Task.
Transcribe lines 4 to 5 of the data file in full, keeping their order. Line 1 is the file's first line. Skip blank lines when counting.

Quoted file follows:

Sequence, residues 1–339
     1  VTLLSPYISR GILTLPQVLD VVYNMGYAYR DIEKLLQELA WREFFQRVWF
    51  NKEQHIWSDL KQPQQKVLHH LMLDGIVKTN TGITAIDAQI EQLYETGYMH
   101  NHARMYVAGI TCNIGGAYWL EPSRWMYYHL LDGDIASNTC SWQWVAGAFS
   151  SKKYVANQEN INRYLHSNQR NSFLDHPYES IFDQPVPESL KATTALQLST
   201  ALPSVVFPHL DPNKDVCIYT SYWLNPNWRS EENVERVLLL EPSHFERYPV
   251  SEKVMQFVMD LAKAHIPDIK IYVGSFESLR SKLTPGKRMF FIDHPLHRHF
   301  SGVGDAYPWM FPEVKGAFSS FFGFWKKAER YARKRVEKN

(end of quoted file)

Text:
   101  NHARMYVAGI TCNIGGAYWL EPSRWMYYHL LDGDIASNTC SWQWVAGAFS
   151  SKKYVANQEN INRYLHSNQR NSFLDHPYES IFDQPVPESL KATTALQLST